The Way of the World By William Congreve

Director Adam Henderson Musical Director Amanda Allyn-Lince Set Concept and Design Simon Webb/John R. Taylor Lighting Design Randy Poulis Costume Design Jenny Lang Sound Design Ronin Wong
Stage Manager Anthony Wade-Cooper

Dates and Venue 24 -27 September 2009 | Jericho Arts Centre

Reviewer Jane Penistan

Congreve’s presentation of the Restoration Period in 18th century London is full of wit and repartee, a fashionable world celebrating the return to freedom from the restraints of the Puritans.

Consequently, morals are less binding and licentiousness almost acceptable. It is fashionable to hide true feeling under the guise of indifference. The play is about infidelity among married couples, but even more, about intrigue and the inheritance of a wealthy old widow’s fortune.

Adam Henderson presents this play in cleverly designed sets, illustrating the elegance of the age. His choreography of the many scene changes is brilliant in concept and masterfully executed by his well drilled cast.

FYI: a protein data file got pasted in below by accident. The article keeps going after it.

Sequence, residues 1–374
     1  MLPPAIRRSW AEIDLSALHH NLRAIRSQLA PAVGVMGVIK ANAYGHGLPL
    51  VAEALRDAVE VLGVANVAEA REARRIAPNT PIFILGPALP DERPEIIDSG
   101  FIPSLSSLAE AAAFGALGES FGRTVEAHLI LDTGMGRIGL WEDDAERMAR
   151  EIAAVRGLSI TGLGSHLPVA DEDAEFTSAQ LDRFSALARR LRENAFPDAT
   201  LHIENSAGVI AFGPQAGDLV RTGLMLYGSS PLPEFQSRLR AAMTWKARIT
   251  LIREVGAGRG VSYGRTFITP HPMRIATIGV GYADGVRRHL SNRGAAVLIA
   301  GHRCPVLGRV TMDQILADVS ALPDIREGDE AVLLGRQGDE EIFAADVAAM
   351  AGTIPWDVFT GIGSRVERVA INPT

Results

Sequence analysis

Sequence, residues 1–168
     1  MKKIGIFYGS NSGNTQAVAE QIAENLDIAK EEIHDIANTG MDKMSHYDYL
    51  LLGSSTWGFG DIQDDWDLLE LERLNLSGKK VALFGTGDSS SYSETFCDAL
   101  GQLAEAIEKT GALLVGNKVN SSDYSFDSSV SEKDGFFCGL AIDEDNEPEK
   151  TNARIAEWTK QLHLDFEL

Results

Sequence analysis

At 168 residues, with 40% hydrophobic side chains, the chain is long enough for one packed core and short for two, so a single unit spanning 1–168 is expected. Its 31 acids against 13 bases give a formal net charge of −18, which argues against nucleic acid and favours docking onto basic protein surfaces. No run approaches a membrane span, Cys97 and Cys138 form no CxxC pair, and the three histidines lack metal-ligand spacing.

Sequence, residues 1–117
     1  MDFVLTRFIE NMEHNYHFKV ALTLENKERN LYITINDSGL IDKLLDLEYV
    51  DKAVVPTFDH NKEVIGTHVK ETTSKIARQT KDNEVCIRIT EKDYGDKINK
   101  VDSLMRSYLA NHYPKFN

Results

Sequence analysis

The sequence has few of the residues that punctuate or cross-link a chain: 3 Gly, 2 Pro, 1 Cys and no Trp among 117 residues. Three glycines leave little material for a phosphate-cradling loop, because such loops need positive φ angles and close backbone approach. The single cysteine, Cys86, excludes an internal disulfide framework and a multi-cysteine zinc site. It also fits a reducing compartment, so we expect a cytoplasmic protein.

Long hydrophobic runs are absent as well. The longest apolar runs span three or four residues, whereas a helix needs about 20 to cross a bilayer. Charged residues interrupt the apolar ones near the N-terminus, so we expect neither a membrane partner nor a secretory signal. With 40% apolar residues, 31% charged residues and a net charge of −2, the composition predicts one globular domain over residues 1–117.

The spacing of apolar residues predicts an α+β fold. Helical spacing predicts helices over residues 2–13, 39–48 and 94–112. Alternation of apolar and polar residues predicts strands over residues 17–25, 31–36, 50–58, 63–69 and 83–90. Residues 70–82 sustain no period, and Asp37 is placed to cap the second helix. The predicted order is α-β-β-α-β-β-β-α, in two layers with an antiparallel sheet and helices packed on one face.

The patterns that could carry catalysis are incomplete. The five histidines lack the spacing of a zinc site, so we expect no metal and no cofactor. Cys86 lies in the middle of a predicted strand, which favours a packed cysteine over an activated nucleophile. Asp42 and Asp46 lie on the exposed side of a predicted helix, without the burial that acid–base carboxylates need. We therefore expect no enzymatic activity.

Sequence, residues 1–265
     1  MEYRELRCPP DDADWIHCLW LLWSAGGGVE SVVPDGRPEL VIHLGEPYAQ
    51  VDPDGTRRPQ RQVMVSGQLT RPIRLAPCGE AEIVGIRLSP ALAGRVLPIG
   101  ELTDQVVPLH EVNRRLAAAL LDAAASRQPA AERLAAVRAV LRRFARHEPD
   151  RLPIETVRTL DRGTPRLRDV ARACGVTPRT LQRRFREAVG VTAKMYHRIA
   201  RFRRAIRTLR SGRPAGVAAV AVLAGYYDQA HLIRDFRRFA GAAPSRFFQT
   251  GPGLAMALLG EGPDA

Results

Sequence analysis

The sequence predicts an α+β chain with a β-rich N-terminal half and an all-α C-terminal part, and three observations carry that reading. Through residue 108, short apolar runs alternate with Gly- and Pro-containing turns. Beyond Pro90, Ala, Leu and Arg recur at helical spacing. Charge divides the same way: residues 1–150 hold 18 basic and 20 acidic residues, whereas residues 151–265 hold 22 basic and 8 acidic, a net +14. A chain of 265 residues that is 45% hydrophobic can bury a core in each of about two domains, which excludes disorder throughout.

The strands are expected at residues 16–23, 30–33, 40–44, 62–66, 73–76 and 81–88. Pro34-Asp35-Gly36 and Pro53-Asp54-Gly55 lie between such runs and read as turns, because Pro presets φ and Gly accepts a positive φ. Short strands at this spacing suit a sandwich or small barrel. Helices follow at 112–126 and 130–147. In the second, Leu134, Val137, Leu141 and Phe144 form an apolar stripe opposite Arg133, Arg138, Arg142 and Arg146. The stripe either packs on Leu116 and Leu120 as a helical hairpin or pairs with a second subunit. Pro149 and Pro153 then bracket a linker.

The costumes are in keeping with the extravagance of the return to fashionable display now the order of the day. Wigs, paint, powder and an opulent appearance are de rigueur in town, for both men and women.

The charming music throughout the play is selected from the works of Henry Purcell, with some original song settings by Ronin Wong.

Mirabell (Patrick Spencer) and Miss Millamant (Joey Bothwell) are lovers. Mirabell has had his fling with other women, but is now wooing Millamant in all sincerity. His ladylove is the niece of Lady Wishfort, an aging aristocratic widow who has been a toast of the town.

This forceful and indomitable lady, delightfully and powerfully played by Gwynyth Walsh, hates Mirabell, and wishes her niece to wed Sir Wilfull Witwoud, a bucolic country squire (David Campbell), Lady Wishfort’s nephew. This way her money would stay in the family rather than go to the hated Mirabell.

With the help of Mirabell’s servant Waitwell (Victor Vasuta) and Lady Wishfort’s maid Foible (Susan Coodin), this betrothal is prevented. Other efforts to obtain Lady Wishfort’s money by the nefarious dealings of other acquaintances are averted by the foresight and management of Mirabell, and all ends happily with the engagement of Mirabell and Millamant.

All the cast manages the 18th century English speech convincingly and their ensemble work is admirable.Adam Henderson and his company are giving the United Players a wonderful fiftieth season’s opening present. All theatre lovers should join the party and bring their friends to this splendid celebration.

© 2009 Jane Penistan